Making Work Pay Credit Impacted the Most Americans of all the 2009 Recovery Act Changes

By Sandor Lenner,CPA

The Making Work Pay Credit will have a substantial impact on Americans and is targeted towards lower and middle income taxpayers. This credit is one of many tax changes resulting from the American Recovery and Reinvestment Act of 2009. According to a report from the Tax Inspector General for the Tax Administration dated November 27, 2009, the Making Work Pay Credit is expected to impact 116 million taxpayers.

Basically the credit was designed to provide tax relief for working people. Although the credit is technically claimed by taxpayers when they file their 2009 and 2010 tax returns, most taxpayers have already received the benefit of this credit by reduced payroll withholdings (and larger net paychecks) that went into effect during 2009. Unlike last year's stimulus payment taxpayers did not receive a check. Taxpayers received this credit almost immediately, through a reduction in taxpayer's payroll withholdings. Furthermore, this credit is also computed and reflected in the taxpayer's 2009 tax return. The credit is basically $400 for single taxpayers and $800 for married couples filing joint returns. It is calculated as the lesser of 6.2% of the taxpayers earned income or $400 for single taxpayers and $800 for married couples filing a joint return.

Making Work Pay Credit limitations Income taxpayers with higher incomes are not eligible for the credit. This credit is reduced by 2% of a single individual's modified adjusted gross income that exceeds $75,000. For married couples filing jointly, the threshold amount is $150,000. The Making Work Pay tax Credit, is also subject to a reduction by the amount of any Economic Recovery Payment($250 per eligible recipient of Social Security, Supplemental Security Income, Railroad Retirement or Veteran's benefits) or Special Credit for Certain Government Retirees($250 per eligible federal or state retiree) that you may have received.

Who is able to benefit from the Making Work Pay Credit? The credit only benefits those taxpayers who have earned income. The only requirement is that you were employed and received taxable compensation from wages, salaries and tips. Any net earnings that you receive from self-employment is considered earned income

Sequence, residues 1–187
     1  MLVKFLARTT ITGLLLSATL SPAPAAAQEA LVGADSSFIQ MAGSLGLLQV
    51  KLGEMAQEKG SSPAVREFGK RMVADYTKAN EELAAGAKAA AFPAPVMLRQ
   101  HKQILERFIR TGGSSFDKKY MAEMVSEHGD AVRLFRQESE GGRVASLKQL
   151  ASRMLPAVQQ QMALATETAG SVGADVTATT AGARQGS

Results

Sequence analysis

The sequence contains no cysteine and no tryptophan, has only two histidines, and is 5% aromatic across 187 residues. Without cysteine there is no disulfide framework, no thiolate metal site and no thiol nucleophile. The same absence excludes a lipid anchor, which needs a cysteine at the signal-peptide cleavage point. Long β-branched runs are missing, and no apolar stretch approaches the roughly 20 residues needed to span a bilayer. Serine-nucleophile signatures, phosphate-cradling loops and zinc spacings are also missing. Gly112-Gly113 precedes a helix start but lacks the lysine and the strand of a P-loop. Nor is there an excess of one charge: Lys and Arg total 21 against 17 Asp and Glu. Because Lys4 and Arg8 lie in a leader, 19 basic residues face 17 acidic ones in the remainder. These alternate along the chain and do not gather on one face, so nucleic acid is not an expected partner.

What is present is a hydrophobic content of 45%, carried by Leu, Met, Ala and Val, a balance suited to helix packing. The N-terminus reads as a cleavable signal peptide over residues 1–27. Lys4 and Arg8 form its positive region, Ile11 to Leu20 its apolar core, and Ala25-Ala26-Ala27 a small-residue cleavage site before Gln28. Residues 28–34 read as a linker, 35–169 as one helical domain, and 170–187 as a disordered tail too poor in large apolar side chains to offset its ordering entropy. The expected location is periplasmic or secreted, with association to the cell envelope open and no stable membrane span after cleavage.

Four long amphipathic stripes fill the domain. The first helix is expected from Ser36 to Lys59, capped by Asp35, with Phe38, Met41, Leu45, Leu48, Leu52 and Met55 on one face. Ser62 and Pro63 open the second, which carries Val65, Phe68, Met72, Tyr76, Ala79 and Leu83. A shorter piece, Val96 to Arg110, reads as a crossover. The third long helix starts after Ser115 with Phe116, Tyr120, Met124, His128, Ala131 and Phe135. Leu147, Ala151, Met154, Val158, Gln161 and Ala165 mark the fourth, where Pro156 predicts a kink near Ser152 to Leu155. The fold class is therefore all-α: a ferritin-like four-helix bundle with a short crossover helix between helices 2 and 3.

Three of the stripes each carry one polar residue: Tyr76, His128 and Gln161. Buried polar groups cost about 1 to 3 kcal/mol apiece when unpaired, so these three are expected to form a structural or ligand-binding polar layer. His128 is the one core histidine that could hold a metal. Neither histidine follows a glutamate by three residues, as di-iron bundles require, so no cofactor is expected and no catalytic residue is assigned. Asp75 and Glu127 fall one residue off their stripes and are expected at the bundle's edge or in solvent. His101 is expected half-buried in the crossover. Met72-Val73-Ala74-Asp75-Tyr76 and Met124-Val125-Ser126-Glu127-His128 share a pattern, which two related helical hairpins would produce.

In addition, earned income does not include (a)Pension and annuity payments (b)Non-taxable compensation and (c)Parsonage allowance

The credit is not available to the following individuals:(a)Taxpayers who do not have valid Social Security numbers (b)Nonresident aliens (c) Taxpayers who could be claimed as another taxpayer's dependent and (d)Estates and trusts.

A potential problem may exist when filing a taxpayer's 2009 tax returns. If you had two jobs during the year and both employers reduced the your withholdings, then you may receive a smaller tax refund or you may have to pay taxes as a result of the reduced withholding during the year. Corporate employers applied the new withholding tables based on the assumption that the income from that employer was the only source of the taxpayer's income. As a result, insufficient withholding may result of up to $400 per employer in excess of one for taxpayers who do not file jointly, or $800 per employer in excess of one for joint filers. Another example of a potential problem, may occur for those taxpayers who had other income besides their W-2 salaries. The other income could put the you into the total or partial phase-out category of the credit, and could result in under-withholding of up to $400 ($800 for joint filers).

How to claim the Making Work Pay Credit ? If you did not receive the full amount of the anticipated credit through reduced withholding, then you very well may be entitled to the full amount of the credit on your 2009 tax return. For 2009, taxpayers must use Schedule M to report their tax credit. If they use Form 1040EZ instead of schedule M, then there is a worksheet on page 2 of the Form 1040EZ that provides in an easy to understand format to compute the credit.

This article is not intended to be legal or accounting advice. Tax laws are complex,change constantly and each situtation is unique. The reader is advised to do his or her own due diligence and consult competent professionals in these areas. - 29856

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